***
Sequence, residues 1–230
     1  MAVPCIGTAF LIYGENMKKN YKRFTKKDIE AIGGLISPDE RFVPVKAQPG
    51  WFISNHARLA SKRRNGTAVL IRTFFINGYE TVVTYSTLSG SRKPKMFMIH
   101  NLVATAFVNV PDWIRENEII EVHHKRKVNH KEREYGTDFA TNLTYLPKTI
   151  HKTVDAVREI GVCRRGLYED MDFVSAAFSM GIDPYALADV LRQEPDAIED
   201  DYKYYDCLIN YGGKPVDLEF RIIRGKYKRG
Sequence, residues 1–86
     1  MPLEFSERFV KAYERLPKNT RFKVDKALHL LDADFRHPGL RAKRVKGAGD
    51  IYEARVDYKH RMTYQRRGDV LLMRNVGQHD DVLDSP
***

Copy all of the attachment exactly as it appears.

Sequence, residues 1–230
     1  MAVPCIGTAF LIYGENMKKN YKRFTKKDIE AIGGLISPDE RFVPVKAQPG
    51  WFISNHARLA SKRRNGTAVL IRTFFINGYE TVVTYSTLSG SRKPKMFMIH
   101  NLVATAFVNV PDWIRENEII EVHHKRKVNH KEREYGTDFA TNLTYLPKTI
   151  HKTVDAVREI GVCRRGLYED MDFVSAAFSM GIDPYALADV LRQEPDAIED
   201  DYKYYDCLIN YGGKPVDLEF RIIRGKYKRG
Sequence, residues 1–86
     1  MPLEFSERFV KAYERLPKNT RFKVDKALHL LDADFRHPGL RAKRVKGAGD
    51  IYEARVDYKH RMTYQRRGDV LLMRNVGQHD DVLDSP